87

Case No. 10-CV-2618 H (KSC)

Case 3:10-cv-02618-H-KSC Document 661 Filed 11/26/12 Page 89 of 116

1 2 3 4 5 6 7 8 9 10 11 12 13 14 15 16 17 18 19 20 21 22 23 24 25 26 27 28

Defendants argue that “rate processor 91” should be excluded from the corresponding structure because “buffer fullness relates to previous output signals, not the input signals (i.e., applied next frame signals).” (Doc. No. 225 at 20.) However, “buffer fullness” represents the complexity of the “applied next frame signals” (i.e., the input signals) and is therefore a “selected characteristic” of those signals upon which the control signal may vary. Defendants also argue that “rate processor 91” is not corresponding structure because it “does not create a ‘control signal’ that ‘varies throughout said applied next frame.’” (Id. at 22.) Defendants assert that the distortion value (“D”) generated by rate processor 91 is “[a] single value [that] cannot vary throughout the next frame.” However, the specification discloses that the control signal developed by perceptual coder 49 (of which rate processor 91 is internal structure) must vary based upon buffer fullness to “insure that the rate of bits delivered by the QVS 38 (though BFF 56) . . . is essentially constant.” ‘377 Patent col. 22:24-26. The specification describes: The buffer control within the encoder of FIG. 2 is based upon modifying a framewide target distortion within QVS 38. If the buffer fills up to a point higher than some reference level, a larger target distortion is set to allow the buffer to lower its occupancy level. On the other hand, if the buffer fullness is lower than the reference level, then a lower target distortion is set. Id. col. 22:29-35. Rate processor 91 calculates that target distortion (“DT”) based upon two inputs—buffer fullness (“Bt”) and standard deviation (σ). Id. col. 23:29-30 (“The computation of equation 20 is performed in processor 91.”). Therefore, the specification discloses that rate processor 91 generates a control signal that “varies throughout the applied next frame.” Defendants further argue that rate processor 91 should not be included as corresponding structure because the inventors “overcame the Hoelzlwimmer rejection by arguing that ‘control signal means’ is nothing like the buffer control means described by Hoelzlwimmer et al.” (Doc. No. 225 at 12.) But the prosecution history makes no reference to rate processor 91 and its receipt and use of buffer fullness. (See, e.g., Ex. I & J.) Furthermore, the inventor distinguished claim 1’s 88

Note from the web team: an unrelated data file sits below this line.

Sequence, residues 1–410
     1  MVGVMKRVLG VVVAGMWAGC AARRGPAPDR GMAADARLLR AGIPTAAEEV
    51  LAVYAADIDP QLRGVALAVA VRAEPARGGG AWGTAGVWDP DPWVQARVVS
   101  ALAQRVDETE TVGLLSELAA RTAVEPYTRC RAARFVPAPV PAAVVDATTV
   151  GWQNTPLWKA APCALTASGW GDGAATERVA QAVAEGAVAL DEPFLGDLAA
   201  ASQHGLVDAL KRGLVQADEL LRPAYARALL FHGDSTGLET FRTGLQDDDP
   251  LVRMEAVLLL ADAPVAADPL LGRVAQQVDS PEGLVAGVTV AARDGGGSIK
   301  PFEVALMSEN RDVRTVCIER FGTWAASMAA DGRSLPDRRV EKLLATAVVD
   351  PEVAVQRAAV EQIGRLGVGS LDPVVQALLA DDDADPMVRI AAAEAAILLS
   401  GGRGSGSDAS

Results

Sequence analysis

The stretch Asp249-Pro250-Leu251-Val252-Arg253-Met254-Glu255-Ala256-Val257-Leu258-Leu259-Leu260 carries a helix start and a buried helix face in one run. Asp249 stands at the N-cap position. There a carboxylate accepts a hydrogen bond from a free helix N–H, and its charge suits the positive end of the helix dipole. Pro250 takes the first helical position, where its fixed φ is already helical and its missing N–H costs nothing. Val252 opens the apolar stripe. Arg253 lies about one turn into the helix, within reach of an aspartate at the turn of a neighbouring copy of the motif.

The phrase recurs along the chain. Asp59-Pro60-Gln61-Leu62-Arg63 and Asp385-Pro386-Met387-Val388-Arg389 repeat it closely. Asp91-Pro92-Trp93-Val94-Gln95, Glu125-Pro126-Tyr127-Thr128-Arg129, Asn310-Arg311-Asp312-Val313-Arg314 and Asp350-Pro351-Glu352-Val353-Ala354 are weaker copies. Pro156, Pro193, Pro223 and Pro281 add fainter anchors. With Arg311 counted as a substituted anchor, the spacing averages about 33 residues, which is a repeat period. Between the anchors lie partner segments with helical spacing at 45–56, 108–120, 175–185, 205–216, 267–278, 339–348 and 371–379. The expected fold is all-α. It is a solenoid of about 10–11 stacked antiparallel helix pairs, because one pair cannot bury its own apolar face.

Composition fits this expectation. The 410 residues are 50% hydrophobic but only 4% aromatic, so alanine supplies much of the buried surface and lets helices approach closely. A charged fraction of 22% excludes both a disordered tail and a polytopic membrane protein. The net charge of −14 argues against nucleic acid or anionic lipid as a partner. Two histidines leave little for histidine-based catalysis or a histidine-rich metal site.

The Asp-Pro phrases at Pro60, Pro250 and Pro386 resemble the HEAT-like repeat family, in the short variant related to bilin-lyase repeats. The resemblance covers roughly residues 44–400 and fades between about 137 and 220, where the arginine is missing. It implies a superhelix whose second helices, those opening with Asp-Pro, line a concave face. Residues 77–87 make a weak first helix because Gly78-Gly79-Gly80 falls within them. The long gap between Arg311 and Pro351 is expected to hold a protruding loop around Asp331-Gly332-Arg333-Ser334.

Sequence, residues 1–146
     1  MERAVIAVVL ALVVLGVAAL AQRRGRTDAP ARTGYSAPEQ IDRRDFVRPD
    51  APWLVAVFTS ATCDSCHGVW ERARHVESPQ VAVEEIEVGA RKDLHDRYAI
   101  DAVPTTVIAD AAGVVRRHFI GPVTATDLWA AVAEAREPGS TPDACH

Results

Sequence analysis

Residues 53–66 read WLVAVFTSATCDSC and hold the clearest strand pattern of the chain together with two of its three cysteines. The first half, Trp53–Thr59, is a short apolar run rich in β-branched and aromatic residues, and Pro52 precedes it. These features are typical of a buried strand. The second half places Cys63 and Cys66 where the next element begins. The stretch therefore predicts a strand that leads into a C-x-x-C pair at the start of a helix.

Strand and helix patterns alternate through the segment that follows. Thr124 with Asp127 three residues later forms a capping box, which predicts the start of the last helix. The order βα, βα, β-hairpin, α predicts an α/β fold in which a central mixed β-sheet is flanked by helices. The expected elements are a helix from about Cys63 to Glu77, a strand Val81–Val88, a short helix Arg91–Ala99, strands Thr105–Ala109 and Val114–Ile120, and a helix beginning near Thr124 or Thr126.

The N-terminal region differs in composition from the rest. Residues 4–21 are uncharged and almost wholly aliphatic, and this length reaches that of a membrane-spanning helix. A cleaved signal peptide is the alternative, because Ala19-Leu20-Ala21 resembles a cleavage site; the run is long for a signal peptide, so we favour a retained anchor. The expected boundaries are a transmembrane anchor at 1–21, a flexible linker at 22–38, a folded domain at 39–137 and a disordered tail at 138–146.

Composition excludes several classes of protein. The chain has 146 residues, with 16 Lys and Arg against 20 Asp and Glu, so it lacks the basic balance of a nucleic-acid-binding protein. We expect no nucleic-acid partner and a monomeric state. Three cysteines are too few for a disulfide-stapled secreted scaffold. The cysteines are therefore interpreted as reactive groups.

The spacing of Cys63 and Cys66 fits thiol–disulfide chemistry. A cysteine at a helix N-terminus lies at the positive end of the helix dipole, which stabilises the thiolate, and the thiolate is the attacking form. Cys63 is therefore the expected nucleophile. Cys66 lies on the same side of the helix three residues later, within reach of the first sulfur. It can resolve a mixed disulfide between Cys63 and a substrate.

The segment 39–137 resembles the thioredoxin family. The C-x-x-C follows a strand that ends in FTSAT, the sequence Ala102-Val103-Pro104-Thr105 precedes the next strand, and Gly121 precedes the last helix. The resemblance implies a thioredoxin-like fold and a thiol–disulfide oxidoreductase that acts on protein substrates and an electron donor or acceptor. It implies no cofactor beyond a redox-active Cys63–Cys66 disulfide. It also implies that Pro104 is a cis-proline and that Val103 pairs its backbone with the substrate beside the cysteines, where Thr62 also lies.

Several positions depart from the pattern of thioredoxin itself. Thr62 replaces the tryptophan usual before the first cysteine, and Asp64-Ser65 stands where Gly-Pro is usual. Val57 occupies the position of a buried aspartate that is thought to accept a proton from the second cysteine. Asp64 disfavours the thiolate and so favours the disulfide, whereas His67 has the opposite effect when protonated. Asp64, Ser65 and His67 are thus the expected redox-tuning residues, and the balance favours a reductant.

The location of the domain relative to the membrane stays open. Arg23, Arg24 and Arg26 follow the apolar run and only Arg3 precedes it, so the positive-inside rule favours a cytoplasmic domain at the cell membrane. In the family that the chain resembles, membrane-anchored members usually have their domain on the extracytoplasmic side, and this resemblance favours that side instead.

Case No. 10-CV-2618 H (KSC)

Case 3:10-cv-02618-H-KSC Document 661 Filed 11/26/12 Page 90 of 116

1 2 3 4 5 6 7 8 9 10 11 12 13 14 15 16 17 18 19 20 21 22 23 24 25 26 27 28

use of buffer fullness from the prior art based upon the fact that “it changes throughout the next frame with changes in at least one selected characteristic of the next frame signals.” (Ex. J at 11.) As explained above, buffer fullness does change with respect to a next frame’s signals. In addition, unlike the ‘377 patent, the prior art’s quantizer directly receives signals from the buffer. Id., Fig. 2. The ‘377 patent discloses, however, that buffer fullness is received and analyzed by perceptual coder 49 and rate processor 91, which together derive the overall target distortion that is provided to QVS 38. ‘377 Patent Fig. 2; 12; col. 7:7-15, 23:29-40. Therefore, the Court concludes that rate processor 91 should be included as corresponding structure for this means-plus-function element.

89

Case No. 10-CV-2618 H (KSC)

Case 3:10-cv-02618-H-KSC Document 661 Filed 11/26/12 Page 91 of 116

1 2 3 4 5 6 7 8 9 10 11 12 13 14 15 16 17 18 19 20 21 22 23 24 25 26 27 28 Finally, the Court rejects Defendants’ proposed inclusion of all “interconnections” of and “inputs and outputs” to the corresponding structure. Interconnections between multiple elements of a corresponding structure are considered part of the structure; all other connections to elements outside of that structure are not. Asyst, 268 F.3d at 1372. Inputs and outputs and the lines on which they are carried must not be included in corresponding structure unless they actually perform the claimed function. Id. at 1370; Northrop Grumman Corp. v. Intel Corp., 325 F.3d 1346, 1352 (Fed. Cir. 2003) (“[I]nput signals and control signals cannot be part of 90